The Northwest Probation and CAFCASS branch of UNISON send their support to police staff members working for forces in England and Wales* who will stage a 24-hour strike starting at 00.01 hours on Monday 22 December. This is in support of a campaign to re-open pay talks to improve the employers’ 1% pay offer for 2014.
This will be followed by four weeks of action short of strike action, from Monday 5 January 2015 to Sunday 1 February 2015, in the form of a ban on voluntary overtime.
UNISON members in the police service work in jobs such as 999 call takers, police community support officers, scenes of crime officers, fingerprint experts, financial investigators, detention officers, crime reduction officers, crime analysts, enquiry desk officers, trainers, criminal justice clerks, and a wide range of vital operational and organisational support roles.
60% voted yes for industrial action and 80% for action short of strike action in a ballot which closed on 2 December 2014.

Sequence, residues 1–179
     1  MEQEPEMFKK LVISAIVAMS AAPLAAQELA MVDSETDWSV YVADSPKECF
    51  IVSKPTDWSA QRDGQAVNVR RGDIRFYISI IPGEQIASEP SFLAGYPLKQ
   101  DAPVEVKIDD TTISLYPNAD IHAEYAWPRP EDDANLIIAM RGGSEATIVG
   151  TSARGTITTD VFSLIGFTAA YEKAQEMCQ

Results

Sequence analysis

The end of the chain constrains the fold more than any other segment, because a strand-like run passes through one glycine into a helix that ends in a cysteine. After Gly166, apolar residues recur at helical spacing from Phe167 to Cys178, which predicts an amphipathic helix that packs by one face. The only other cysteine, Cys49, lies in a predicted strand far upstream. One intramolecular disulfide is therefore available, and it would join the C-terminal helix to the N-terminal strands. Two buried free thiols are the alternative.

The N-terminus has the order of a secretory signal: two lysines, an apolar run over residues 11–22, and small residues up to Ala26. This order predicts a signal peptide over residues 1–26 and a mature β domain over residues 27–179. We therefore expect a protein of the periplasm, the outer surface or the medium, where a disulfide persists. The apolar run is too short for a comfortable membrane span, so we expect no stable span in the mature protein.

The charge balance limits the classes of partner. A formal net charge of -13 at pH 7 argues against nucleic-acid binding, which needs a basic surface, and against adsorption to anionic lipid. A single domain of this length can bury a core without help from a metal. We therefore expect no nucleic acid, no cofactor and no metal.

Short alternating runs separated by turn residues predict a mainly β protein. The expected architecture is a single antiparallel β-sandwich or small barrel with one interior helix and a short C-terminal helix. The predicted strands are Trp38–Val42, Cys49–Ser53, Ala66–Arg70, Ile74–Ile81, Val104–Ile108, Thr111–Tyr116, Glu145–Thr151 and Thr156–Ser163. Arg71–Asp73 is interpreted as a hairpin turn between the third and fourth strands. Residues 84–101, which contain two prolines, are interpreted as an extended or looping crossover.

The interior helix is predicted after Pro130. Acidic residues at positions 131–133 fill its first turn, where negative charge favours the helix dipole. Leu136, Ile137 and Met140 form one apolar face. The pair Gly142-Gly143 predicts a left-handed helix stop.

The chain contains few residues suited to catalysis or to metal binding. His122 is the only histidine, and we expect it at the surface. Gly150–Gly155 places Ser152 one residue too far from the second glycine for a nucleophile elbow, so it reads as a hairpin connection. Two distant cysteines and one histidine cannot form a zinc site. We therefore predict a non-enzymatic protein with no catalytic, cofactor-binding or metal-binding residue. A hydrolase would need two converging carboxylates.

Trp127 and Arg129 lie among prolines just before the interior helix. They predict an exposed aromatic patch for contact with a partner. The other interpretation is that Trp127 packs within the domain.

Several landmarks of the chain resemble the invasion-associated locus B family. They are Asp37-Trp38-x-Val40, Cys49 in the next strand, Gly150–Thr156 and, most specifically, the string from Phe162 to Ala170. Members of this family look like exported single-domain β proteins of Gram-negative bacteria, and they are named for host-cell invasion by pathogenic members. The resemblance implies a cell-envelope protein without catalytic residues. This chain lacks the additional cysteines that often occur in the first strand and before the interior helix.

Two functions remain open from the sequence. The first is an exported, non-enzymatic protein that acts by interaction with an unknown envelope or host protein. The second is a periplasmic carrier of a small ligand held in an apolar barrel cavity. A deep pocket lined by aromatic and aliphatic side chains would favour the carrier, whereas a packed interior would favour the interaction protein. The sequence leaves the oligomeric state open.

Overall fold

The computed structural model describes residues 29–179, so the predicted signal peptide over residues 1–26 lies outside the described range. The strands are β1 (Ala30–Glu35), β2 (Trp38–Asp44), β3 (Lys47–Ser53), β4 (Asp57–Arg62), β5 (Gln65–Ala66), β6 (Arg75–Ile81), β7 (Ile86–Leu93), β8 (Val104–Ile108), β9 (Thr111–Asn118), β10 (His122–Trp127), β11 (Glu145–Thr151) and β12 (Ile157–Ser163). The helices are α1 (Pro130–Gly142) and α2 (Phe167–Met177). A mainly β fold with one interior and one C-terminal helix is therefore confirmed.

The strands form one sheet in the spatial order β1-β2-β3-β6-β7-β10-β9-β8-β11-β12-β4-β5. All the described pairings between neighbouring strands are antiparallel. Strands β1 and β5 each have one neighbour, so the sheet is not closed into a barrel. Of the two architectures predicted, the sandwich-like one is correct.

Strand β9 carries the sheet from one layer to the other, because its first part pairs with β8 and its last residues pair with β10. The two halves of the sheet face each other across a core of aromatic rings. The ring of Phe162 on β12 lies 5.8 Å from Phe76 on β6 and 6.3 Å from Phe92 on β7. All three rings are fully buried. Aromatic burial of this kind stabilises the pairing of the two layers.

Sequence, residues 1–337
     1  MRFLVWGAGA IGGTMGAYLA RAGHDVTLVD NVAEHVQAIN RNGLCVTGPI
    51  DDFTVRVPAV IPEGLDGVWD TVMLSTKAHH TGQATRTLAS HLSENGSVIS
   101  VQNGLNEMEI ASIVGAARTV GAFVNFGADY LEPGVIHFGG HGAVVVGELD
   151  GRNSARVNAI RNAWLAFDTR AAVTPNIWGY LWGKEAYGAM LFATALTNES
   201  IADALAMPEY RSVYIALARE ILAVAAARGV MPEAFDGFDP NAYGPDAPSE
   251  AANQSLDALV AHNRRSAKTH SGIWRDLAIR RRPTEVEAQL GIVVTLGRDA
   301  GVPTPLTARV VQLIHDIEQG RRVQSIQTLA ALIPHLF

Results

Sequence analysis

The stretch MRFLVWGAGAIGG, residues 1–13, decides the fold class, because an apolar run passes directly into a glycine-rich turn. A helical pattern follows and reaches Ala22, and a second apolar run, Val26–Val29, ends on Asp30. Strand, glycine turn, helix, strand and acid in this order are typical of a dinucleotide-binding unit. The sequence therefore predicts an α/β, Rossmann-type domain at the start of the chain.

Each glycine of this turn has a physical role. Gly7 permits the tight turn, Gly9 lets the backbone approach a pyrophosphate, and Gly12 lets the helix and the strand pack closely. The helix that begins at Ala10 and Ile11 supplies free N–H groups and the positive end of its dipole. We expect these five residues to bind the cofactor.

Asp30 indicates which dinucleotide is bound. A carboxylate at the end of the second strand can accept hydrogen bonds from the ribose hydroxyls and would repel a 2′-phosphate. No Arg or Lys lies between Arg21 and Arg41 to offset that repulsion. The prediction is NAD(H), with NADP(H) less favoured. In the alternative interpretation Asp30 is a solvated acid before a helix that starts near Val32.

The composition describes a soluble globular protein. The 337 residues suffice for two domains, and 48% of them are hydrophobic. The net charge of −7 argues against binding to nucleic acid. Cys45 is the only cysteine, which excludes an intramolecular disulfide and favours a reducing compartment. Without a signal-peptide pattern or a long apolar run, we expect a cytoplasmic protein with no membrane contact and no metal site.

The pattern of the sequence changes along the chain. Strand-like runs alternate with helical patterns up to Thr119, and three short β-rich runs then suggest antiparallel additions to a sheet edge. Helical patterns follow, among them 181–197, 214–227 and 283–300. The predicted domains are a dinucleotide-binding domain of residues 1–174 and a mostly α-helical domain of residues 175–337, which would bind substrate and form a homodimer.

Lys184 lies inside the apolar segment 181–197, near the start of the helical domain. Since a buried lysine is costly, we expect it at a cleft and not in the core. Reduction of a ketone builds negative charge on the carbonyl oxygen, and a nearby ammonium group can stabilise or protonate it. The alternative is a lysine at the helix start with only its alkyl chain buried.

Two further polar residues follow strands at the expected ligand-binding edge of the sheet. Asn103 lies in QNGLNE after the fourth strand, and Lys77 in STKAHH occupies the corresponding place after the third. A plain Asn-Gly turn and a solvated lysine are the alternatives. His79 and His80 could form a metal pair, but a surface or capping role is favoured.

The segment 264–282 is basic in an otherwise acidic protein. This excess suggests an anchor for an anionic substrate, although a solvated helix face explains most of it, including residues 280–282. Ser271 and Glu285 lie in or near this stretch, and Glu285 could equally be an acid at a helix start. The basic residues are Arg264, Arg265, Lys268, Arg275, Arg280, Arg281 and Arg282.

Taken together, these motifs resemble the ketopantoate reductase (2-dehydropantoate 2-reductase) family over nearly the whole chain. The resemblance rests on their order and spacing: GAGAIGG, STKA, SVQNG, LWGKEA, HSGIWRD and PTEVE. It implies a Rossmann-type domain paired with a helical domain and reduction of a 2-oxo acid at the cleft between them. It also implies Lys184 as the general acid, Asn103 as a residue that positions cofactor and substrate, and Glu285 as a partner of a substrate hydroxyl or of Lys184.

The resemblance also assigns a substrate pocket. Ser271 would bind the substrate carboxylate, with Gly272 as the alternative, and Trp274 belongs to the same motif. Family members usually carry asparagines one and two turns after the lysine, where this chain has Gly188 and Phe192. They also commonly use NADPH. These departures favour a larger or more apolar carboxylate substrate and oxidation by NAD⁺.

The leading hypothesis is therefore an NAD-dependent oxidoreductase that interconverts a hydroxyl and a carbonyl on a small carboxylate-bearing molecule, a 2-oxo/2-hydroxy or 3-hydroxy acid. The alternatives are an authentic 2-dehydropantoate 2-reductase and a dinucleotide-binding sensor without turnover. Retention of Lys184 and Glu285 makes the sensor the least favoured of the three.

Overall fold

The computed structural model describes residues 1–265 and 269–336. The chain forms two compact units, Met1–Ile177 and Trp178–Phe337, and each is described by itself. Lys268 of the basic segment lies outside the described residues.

UNISON general secretary Dave Prentis said:
“Police staff have been hit hard by the cost of living crisis. Since 2010, two years of pay freeze and a below inflation pay deal last year has seen the value of their pay decline by 13%.
“It is rare for police staff to take industrial action and the strike is a clear sign that they’ve had enough. For many of our members it will be the first time they have ever taken industrial action over pay. The last time police members went on strike in relation to pay was 25 years ago in 1989.
“Police staff have had a raw deal. All we’re asking for is fair pay. Our members’ contribution to community safety is immense and it needs to be reflected in their pay.
“Earlier this year, we asked for a 3%, or £500, increase (whichever is the greater) on police staff pay points. The police employers responded with another 1% offer which is just not acceptable.
“We are calling on the police employers to return to the negotiating table to improve the current pay offer in order to stop this dispute from escalating.”
UNISON represents 30,000 police staff in England and Wales.